The rise in the number of global multinationals setting down roots or representative offices in countries in Africa is ongoing and South Africa is no longer the gateway to such investments in resources and talent.
Global multinationals seeking to invest in Africa are no longer automatically opting to first dip their toes in South African waters before spreading their wings to the rest of the continent, but are increasingly setting up shop directly in the market they wish to enter.
“From the briefs we are receiving, it is clear that global companies expanding into Africa no longer favour South Africa as the obvious port of entry,” says Debbie Goodman-Bhyat, CEO of Jack Hammer, rated as one of the top three executive search firms in South Africa.
She says while it used to be a matter of course for companies to start building their representative teams in South Africa when establishing a presence on the continent, this is no longer the case, and is happening less frequently than in the past.
“Companies are now looking for country managers, executive leadership teams and sales offices based elsewhere on the continent in large part because they are starting to realise the value of having a physical presence. In part, this is due to a real and growing resistance by local businesses to doing business with counterparts who display limited commitment to future growth of the local economy.
“Local markets want to see you there, and they want to see you making a commitment to the country, not just piggy-backing off market opportunities,” notes Goodman-Bhyat.
Additionally, multinationals are also coming to grips with the fact that there are more than 50 distinct markets in Africa, which all have their own unique regulatory, infrastructural, social and economic circumstances.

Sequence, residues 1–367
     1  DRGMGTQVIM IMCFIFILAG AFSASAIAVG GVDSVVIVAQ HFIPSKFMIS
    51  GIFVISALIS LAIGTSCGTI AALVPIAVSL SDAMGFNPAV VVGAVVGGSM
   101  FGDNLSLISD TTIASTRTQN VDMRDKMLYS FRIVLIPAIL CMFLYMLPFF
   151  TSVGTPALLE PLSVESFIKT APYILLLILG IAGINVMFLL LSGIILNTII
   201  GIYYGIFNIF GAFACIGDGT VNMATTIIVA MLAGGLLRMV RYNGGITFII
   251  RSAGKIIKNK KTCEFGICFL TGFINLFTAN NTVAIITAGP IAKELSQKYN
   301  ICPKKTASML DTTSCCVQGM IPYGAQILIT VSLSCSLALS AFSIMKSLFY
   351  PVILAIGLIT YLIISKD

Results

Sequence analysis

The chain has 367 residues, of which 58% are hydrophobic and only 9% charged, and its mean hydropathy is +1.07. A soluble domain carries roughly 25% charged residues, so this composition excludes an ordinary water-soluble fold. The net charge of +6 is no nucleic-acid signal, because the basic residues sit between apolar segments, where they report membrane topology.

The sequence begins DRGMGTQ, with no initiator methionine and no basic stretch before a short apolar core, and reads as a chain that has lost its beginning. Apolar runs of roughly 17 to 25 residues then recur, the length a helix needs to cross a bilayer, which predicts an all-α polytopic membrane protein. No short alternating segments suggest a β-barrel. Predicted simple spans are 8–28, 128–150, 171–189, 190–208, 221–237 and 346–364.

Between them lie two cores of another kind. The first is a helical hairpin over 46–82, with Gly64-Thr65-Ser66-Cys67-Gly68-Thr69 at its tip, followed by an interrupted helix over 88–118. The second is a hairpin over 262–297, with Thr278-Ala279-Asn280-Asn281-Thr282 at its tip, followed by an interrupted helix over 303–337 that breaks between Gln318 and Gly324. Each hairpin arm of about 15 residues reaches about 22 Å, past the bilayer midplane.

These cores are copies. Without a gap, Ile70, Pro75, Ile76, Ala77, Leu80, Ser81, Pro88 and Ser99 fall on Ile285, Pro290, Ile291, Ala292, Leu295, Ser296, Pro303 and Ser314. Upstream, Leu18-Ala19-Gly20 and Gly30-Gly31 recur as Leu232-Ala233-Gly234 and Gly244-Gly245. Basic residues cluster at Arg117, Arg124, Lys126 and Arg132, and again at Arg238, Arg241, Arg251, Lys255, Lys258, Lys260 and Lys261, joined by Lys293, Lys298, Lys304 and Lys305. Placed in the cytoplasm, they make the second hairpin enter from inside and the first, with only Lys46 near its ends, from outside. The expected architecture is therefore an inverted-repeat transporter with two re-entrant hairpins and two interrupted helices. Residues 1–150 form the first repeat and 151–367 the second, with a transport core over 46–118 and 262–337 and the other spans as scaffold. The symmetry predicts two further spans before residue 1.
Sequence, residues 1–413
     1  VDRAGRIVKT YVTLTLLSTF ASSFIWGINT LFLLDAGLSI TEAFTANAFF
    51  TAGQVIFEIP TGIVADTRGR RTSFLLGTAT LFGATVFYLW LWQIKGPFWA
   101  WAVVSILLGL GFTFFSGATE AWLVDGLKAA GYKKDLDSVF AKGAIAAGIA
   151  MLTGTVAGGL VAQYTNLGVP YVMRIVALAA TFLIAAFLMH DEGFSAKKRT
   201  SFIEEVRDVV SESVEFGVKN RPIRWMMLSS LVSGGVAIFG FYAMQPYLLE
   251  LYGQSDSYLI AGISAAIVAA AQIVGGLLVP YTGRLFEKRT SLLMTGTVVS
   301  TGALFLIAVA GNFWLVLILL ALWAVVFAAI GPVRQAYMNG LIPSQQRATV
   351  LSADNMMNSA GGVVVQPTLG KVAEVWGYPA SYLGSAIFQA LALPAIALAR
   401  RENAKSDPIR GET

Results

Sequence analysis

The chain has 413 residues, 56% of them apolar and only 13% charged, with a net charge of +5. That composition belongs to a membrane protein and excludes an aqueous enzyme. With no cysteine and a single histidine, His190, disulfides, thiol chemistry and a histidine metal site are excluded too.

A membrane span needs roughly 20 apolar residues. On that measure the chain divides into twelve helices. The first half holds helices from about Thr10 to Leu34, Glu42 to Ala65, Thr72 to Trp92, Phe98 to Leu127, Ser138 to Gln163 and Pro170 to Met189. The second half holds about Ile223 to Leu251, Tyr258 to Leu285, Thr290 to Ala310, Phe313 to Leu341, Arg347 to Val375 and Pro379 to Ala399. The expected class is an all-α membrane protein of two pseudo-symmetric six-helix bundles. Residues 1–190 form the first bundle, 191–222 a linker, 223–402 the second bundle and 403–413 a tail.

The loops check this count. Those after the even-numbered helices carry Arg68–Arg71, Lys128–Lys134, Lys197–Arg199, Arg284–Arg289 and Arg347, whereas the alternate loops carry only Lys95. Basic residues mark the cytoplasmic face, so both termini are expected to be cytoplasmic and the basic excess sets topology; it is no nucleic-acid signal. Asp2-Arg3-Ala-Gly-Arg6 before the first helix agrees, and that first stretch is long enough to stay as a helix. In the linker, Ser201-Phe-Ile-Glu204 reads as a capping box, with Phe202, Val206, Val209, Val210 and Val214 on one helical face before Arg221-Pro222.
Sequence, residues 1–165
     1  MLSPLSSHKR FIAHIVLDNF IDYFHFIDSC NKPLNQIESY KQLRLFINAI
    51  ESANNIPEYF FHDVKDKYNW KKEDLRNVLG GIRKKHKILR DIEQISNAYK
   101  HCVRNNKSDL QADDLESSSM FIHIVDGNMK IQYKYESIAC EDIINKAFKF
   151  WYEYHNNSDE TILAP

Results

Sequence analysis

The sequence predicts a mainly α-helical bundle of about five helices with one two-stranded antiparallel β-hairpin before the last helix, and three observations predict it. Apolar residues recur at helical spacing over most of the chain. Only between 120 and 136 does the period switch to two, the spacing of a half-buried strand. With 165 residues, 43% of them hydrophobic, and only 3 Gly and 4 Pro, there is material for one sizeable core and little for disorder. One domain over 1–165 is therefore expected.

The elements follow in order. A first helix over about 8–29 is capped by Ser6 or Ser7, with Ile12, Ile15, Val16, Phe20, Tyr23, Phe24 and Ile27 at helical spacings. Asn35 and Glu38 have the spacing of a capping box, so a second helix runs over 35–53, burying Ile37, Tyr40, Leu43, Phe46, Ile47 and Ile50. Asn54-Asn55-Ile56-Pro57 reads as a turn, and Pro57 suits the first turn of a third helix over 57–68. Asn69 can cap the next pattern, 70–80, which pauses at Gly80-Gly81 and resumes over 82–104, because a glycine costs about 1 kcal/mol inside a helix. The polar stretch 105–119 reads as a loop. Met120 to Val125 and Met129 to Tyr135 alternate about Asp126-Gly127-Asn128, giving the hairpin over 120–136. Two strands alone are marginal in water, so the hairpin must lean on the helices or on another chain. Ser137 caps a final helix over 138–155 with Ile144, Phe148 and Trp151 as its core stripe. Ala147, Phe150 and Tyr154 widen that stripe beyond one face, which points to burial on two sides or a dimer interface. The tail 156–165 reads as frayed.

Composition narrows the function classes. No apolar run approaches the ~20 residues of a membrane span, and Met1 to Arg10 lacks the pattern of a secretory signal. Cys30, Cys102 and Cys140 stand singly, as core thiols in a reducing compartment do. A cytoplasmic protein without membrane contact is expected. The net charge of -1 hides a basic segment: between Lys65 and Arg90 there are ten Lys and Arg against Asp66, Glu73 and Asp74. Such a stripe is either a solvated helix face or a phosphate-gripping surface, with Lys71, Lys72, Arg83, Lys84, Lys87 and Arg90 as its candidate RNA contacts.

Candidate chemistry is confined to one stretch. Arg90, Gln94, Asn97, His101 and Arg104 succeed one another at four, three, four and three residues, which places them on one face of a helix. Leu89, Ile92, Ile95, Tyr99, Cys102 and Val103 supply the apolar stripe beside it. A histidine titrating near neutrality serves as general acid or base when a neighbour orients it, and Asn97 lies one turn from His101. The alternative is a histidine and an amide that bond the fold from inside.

“Although South Africa certainly has its challenges, this move away from the country as the gateway to Africa is not purely because of push factors, but rather the pull factors of other African countries,” Goodman-Bhyat says.
“There is an ongoing influx of businesses from Lebanon, Israel the USA and so forth. While they still see South Africa as a solid market, they don’t necessarily view it as the only option when investing infrastructure and resources.”
In the latest issue of The United Nations’ Africa Renewal Magazine, the secretary-general of the UN Conference on Trade and Development (UNCTAD), Dr Mukhisa Kituyi, makes a similar point.
While acknowledging that South Africa has the oldest and most developed market economy in the whole of Africa for historical reasons, he noted that things were changing as other African countries increasingly attracted big investors.
“It’s true South Africa has had a head start, but in net terms, there is faster growth in alternative centres for both manufacturing and service delivery than in South Africa. Today, the financial services industry is growing faster in Morocco than in South Africa,” he said.
He further noted that some multinational enterprises operating out of South Africa have relocated substantially.
“We recently saw the opening of the Volvo truck-manufacturing plant in Mombasa. And similarly, we have seen many other services, particularly IT-based services and telecommunications, growing in new nodes like Nigeria, Kenya and Rwanda.”
Goodman-Bhyat says the anecdotal evidence of multinationals eyeing African countries outside of South Africa was further underscored by research conducted into hiring patterns on the continent.
The latest Jack Hammer executive report, The Africa Report
, researched 36 multinationals with representative offices outside of South Africa.
In addition to setting up shop outside of South Africa, these organisations also increasingly appointed local leaders to top positions, rather than revert to the hitherto tried and tested approach of jetting in senior leaders from head office.
“With the growth in the size of the pool of top leaders on the continent – leaders who are highly qualified and have international management experience – combined with perceptions that challenges throughout the rest of Africa are no longer as daunting as they appeared in the past, we expect a consistent and ongoing rise in the number of global multinationals setting down roots – or at least representative offices - in countries north of South Africa.
“Companies are increasingly recognising the benefit of having a truly local presence, driven by leaders who know how to navigate the unique challenges there.”